Housed in the Palmer Engineering Leadership Complex in the Lyle School’s new Caruth Hall, the Hart Center will build on the Lyle School’s co-op and internship programs, adding leadership seminars and workshops, a business plan competition, community engagement projects, innovation competitions and mentoring relationships.
Career fairs, mock interviews, a series of debates on engineering ethics and formal, videotaped presentations made in an executive boardroom will help students develop social and communication skills as they prepare to enter the workforce.
The concept for the multifaceted program emerged from growing evidence that successful, contemporary engineering leaders rely on a variety of skills that go beyond applied math and science. The Hart Center works with faculty across the campus to provide focused curricula and personal and team experiences to develop the leadership skills of future engineers.
For example, the engineering student who needs to build confidence for formal presentations may be guided toward a theater class offered through SMU’s Meadows School of the Arts. A business plan competition offered in collaboration with the Cox School of Business can introduce students to working with a multidisciplinary team.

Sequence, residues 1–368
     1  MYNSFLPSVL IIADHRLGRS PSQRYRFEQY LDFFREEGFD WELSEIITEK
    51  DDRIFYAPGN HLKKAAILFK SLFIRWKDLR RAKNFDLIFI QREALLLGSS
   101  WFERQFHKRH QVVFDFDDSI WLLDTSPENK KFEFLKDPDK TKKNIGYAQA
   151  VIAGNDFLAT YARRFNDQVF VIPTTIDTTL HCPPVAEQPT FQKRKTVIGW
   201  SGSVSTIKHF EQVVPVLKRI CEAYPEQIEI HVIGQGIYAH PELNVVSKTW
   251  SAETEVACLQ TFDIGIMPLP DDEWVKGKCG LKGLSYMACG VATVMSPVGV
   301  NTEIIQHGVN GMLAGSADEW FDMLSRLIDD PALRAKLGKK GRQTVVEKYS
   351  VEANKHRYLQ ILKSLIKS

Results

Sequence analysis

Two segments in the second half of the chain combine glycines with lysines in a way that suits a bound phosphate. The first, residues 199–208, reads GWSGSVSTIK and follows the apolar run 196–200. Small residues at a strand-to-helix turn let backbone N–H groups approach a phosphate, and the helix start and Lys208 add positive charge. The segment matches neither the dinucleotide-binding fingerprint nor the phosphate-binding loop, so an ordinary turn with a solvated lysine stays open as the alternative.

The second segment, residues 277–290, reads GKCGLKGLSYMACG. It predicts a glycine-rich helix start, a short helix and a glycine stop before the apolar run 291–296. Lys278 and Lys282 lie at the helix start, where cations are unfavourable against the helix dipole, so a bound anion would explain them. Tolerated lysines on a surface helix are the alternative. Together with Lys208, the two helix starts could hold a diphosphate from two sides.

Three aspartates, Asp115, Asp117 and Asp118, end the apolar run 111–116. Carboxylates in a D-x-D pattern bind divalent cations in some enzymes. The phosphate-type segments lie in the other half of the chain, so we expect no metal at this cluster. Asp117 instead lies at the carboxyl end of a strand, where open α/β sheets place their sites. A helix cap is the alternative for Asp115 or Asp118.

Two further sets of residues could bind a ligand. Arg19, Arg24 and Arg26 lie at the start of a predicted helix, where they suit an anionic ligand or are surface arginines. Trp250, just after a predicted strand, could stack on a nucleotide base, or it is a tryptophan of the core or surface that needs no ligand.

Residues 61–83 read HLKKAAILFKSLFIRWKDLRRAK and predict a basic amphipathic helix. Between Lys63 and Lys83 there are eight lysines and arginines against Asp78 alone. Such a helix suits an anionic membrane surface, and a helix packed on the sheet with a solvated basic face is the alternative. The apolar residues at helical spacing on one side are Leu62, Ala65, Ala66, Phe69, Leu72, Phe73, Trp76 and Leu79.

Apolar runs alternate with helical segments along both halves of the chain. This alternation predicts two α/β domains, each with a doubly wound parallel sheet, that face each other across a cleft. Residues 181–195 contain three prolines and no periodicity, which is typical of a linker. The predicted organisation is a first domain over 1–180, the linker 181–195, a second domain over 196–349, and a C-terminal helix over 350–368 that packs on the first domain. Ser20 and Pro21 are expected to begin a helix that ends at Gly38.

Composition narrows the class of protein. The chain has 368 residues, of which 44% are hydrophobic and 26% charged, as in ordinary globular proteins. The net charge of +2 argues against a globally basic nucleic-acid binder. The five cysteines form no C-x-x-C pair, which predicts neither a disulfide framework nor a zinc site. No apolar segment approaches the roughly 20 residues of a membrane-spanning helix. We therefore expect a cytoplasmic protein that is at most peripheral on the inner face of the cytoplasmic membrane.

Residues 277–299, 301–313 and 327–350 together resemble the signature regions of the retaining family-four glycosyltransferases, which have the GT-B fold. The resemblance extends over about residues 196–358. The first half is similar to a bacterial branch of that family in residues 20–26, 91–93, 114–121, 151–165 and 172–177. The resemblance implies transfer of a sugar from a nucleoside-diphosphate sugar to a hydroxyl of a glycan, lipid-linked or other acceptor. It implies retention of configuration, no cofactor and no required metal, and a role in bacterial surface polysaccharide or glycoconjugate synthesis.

Approximately 750 undergraduate students in the Lyle School, including about 250 first-year students, are participating in the program this semester. Hart Center programs also are available to graduate students.
“This project has special meaning for both Linda and Mitch, who have a passion for promoting leadership,” said SMU President R. Gerald Turner. “The Linda and Mitch Hart Center for Engineering Leadership will prepare all of our students at the Lyle School to succeed with a strong combination of technical, management, communication and social skills essential for leadership and collaboration.”
“Over my lifetime, I have learned that leadership is not defined by a position,” said Mitch Hart. “A leader is someone people choose to follow – someone who can make a difference. It is my great pleasure to work with the Lyle School to provide students the tools they need to develop their leadership skills and maintain engineering’s role as a driver of economic growth.”
“Today’s engineers will be called upon not only to excel in their fields and be persuasive, but also to interpret their expertise in both business and public settings, contribute their talents to civic issues, and consider the ethical dimensions of problems and solutions,” said Linda Hart. “This Center will add tremendous value to an SMU engineering education by connecting Lyle students to faculty from a variety of non-engineering disciplines who will help hone their leadership skills.”
“This unique program is key to the expanding role of engineers in our economy and society,” said Lyle School Dean Geoffrey Orsak. “Our engineers will be able to work across disciplines, cultures and management styles to get things done – an absolute necessity to maintain our nation’s competitiveness.”
(Above, SMU’s Caruth Hall, home of the Hart Center for Engineering Leadership.)